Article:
From Publishers Weekly
In contrast to the utopian official literature of Communist China, the stories in this wide-ranging collection marshal wry humor, entangled sex, urban alienation, nasty village politics and frequent violence. Translated ably enough to keep up with the colloquial tone, most tales are told with straightforward familiarity, drawing readers into small communities and personal histories that are anything but heroic. "The Brothers Shu," by Su Tong (Raise the Red Lantern), is an urban tale of young lust and sibling rivalry in a sordid neighborhood around the ironically named Fragrant Cedar Street. That story's earthiness is matched by Wang Xiangfu's folksy "Fritter Hollow Chronicles," about peasants' vendettas and local politics, and by "The Cure," by Mo Yan (Red Sorghum; The Garlic Ballads), which details the fringe benefits of an execution. Personal alienation and disaffection are as likely to appear in stories with rural settings (Li Rui's "Sham Marriage") as they are to poison the lives of urban characters (Chen Cun's "Footsteps on the Roof"). Comedy takes an elegant and elaborate form in "A String of Choices," Wang Meng's tale of a toothache cure, and it assumes the burlesque of small-town propaganda fodder in Li Xiao's "Grass on the Rooftop." Editor Goldblatt has chosen not to expand the contributors' biographies or elaborate on the collection's post-Tiananmen context. He lets the stories speak for themselves, which, fortunately, they do, quietly and effectively.
From Library Journal
The 20 authors represented here range from Wang Meng, the former minister of culture, to Su Tong, whose Raise the Red Lantern has been immortalized on screen.
Chinese literature has changed drastically in the past thirty years. During the Cultural Revolution (1966-1976) arts and literature of all sorts were virtually nonexistent since they were frowned upon by official powers so that attempts to produce any were apt to cause one’s public humiliation and possibly even death by the Red Guards and other unofficial arms of the government. After 1976, in the wake of Mao’s death, literature slowly regained its importance in China, and by the mid-1980s dark, angry, satirical writings had become quite prominent on the mainland.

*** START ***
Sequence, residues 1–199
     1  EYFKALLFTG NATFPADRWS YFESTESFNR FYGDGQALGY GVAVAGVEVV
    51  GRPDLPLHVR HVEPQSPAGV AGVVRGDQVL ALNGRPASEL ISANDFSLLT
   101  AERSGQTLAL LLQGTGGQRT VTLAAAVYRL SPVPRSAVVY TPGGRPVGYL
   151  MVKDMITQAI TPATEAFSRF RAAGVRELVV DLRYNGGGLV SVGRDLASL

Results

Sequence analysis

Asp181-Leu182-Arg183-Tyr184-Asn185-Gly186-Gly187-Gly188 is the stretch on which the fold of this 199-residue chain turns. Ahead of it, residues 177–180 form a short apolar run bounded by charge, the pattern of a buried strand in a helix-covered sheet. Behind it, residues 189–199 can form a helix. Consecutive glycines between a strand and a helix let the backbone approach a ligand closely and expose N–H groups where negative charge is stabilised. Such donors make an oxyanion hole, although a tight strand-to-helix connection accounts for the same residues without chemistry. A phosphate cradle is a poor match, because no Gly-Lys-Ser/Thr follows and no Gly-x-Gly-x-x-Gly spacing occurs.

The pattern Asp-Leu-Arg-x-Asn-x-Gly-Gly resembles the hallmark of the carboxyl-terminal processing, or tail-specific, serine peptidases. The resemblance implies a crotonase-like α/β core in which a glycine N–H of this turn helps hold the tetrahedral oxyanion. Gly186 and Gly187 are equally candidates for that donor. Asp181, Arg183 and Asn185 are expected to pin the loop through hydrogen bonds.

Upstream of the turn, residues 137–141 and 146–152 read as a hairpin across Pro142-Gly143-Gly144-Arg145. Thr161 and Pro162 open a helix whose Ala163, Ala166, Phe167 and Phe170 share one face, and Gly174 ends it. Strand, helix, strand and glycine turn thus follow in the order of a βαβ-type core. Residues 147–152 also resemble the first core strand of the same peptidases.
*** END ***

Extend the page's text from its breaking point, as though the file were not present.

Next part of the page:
In the wake of Tiananmen Square, dark literature faded somewhat, but never vanished. Now Howard Goldblatt, a prominent translator of Chinese fiction and editor of the critical magazine Modern Chinese Literature, has compiled a representative collection of contemporary Chinese fiction entitled Chairman Mao Would Not Be Amused. Even with my limited knowledge of modern China I feel certain the title of the book is fairly accurate.
Mo Yan is one of my favorite contemporary writers. His dark, no-holds-barred satires Red Sorghum and The Garlic Ballads detailed what he sees as the failings of both Chinese peasants (of which he was born as one) and the Chinese leaders. His short story "The Cure" is in the same vein, detailing how a local government representative-probably self-appointed during the Cultural Revolution, although that is never made quite clear in the story-leads a lynching of the village’s two most prominent leaders and their wives. But, as in most Mo Yan stories, the bitterness directed at the lyncher is double-edged with the bitter look at a local peasant who sees the deaths of the two village leaders as a desperate chance to possibly rescue his mother from impending blindness. The story is coldly realistic and totally chilling in the rational way it treats the series of events.